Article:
Should You Buy BHP Billiton plc, Rio Tinto plc Or Anglo American plc As Iron Ore Hits New Lows?

It’s been a grim week for iron ore: on Wednesday, the price of iron ore hit a new low of $70, leaving it 48% lower than at the start of the year.

Prices seem unlikely to bounce back quickly, either — a new report from Goldman Sachs claims that the iron ore market needs to absorb a surplus of around 110 million tonnes next year.

Against this backdrop, are iron ore miners BHP Billiton (LSE: BLT) (NYSE: BBL.US), Rio Tinto (LSE: RIO) (NYSE: RIO.US) and Anglo American (LSE: AAL) still attractive? All three remain profitable at today’s prices, and have been open about their aim of maintaining market share while driving high-cost competitors out of business.

Keep buying

Iron ore may keep falling, but each of these companies is competing to capture long-term market share, and while Chinese growth may be slowing, I don’t think it’s likely to stop in the foreseeable future.

I believe all three firms remain attractive, but they’re all different — so which should you buy?

Rio Tinto: Rio remains the purest play on iron ore. Around 80% of the firm’s underlying profits come from iron ore, so earnings are directly linked to iron ore prices.

Rio’s prospective yield of 4.6% is unlikely to be threatened by this year’s price decline, although dividend growth may slow if prices don’t pick up next year.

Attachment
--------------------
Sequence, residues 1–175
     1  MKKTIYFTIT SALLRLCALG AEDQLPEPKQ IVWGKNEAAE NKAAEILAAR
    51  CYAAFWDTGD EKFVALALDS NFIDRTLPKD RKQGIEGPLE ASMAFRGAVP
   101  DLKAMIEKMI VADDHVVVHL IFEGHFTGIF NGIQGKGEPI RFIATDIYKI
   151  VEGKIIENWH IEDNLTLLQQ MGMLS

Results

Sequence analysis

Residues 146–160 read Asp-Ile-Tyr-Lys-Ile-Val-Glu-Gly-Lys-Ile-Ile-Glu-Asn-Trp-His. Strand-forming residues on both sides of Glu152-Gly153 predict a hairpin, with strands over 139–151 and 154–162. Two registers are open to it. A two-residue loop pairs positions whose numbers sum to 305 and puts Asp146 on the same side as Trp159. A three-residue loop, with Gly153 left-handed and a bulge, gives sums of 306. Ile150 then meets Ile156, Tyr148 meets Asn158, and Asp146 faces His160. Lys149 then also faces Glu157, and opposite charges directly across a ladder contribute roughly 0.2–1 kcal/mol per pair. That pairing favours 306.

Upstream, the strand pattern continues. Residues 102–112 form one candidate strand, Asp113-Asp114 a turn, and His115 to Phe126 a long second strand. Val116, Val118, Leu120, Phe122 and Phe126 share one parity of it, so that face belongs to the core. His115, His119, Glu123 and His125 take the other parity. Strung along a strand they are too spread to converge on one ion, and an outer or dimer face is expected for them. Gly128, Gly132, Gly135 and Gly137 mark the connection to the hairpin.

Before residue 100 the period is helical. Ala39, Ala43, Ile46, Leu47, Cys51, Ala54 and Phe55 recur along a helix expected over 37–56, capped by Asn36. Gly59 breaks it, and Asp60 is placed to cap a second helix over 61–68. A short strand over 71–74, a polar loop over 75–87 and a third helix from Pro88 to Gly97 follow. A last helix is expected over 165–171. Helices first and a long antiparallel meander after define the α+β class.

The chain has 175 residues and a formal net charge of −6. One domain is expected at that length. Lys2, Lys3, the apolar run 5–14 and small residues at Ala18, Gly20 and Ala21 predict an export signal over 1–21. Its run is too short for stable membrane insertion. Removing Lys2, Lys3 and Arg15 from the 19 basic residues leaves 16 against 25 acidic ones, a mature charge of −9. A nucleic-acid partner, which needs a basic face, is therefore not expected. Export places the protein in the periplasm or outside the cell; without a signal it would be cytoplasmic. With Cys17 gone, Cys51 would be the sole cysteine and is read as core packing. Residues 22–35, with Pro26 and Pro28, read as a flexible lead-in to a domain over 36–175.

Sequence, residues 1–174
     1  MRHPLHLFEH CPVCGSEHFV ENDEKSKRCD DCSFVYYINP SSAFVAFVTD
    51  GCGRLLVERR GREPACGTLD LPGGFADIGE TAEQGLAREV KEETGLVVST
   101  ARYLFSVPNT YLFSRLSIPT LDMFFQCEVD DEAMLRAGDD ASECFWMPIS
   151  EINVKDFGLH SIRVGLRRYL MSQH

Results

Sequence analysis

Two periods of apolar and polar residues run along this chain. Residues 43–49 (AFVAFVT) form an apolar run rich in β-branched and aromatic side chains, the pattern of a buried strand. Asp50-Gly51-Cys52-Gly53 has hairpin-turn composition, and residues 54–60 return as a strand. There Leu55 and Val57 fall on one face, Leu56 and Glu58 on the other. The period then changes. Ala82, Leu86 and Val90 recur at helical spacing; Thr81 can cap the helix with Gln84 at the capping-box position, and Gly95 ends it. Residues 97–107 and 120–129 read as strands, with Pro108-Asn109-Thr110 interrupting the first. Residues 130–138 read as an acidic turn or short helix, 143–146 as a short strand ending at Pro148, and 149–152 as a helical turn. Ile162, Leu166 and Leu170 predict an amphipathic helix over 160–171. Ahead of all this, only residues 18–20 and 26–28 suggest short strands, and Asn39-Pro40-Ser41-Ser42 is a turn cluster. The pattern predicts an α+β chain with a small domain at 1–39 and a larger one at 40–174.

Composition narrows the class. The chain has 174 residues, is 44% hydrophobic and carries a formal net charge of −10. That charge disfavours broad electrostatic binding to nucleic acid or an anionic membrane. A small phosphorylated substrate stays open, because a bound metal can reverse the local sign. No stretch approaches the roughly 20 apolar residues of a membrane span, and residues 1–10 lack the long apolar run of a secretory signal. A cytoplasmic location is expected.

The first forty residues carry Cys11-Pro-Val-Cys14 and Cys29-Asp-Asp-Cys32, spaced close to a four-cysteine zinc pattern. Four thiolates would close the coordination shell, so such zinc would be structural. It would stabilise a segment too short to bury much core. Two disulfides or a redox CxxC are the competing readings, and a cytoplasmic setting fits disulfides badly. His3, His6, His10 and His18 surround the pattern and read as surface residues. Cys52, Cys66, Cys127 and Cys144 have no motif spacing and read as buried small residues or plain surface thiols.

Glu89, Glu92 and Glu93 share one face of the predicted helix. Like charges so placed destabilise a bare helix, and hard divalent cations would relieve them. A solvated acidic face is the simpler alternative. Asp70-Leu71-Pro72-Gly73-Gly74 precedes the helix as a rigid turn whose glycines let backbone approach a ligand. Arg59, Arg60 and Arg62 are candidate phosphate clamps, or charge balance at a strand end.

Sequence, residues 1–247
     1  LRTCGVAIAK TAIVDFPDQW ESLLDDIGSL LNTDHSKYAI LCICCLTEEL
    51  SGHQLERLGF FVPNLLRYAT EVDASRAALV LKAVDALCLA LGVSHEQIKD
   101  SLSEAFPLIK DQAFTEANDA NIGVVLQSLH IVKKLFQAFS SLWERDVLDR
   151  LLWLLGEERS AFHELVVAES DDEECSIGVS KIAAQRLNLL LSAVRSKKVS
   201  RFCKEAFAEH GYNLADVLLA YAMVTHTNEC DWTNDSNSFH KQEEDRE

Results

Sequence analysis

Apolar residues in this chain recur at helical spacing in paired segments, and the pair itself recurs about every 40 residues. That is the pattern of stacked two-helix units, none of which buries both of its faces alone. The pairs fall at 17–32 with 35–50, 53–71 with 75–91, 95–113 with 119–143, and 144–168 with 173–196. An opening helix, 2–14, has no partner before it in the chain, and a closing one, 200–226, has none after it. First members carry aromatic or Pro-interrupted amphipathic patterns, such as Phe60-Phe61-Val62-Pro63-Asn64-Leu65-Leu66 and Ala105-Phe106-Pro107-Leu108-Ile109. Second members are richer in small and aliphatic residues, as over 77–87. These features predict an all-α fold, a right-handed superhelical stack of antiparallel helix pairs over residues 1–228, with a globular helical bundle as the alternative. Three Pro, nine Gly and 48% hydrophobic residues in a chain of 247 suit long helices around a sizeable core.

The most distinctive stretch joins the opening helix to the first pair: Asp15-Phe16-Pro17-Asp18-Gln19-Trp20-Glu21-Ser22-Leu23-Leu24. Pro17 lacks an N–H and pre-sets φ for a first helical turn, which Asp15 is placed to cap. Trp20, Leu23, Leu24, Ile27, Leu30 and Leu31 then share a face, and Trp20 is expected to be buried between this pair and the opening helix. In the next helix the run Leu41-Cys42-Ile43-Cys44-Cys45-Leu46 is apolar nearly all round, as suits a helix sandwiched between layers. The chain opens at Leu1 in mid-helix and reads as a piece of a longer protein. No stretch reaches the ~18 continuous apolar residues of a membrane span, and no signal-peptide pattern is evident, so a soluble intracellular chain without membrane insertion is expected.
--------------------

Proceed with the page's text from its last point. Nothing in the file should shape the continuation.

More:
BHP Billiton: For investors who don’t own oil shares, BHP is ideal: iron ore, oil and gas accounted for 76% of operating profit last year, with copper providing a further 22%, providing diverse exposure to four of the world’s key commodities.

BHP shares offer a 5% prospective yield, and the firm’s chief executive, Andrew Mackenzie, recently told Reuters that the firm’s dividend remains “well covered” at current iron ore prices.

Anglo American: Anglo is rather different: just 42% of its underlying operating profit came from iron ore during the first half of this year. Copper and diamonds each accounted for a further 25%, highlighting Anglo’s exposure to the luxury goods market.

Anglo shares currently trade below book value and offer a 4.2% prospective yield, making them an interesting value alternative to Rio and BHP.

Today’s top buy?

Anglo looks cheap in terms of book value, but that’s because earnings have been weaker than at BHP or Rio.

In my view, Anglo could be an attractive recovery buy, but BHP and Rio remain the top picks for income seekers.

I think the volatility associated with commodity stocks is acceptable, given the diversity they add to my portfolio, but not everyone agrees.

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Roland Head owns shares in Rio Tinto. The Motley Fool UK has no position in any of the shares mentioned. We Fools don't all hold the same opinions, but we all believe that considering a diverse range of insights makes us better investors.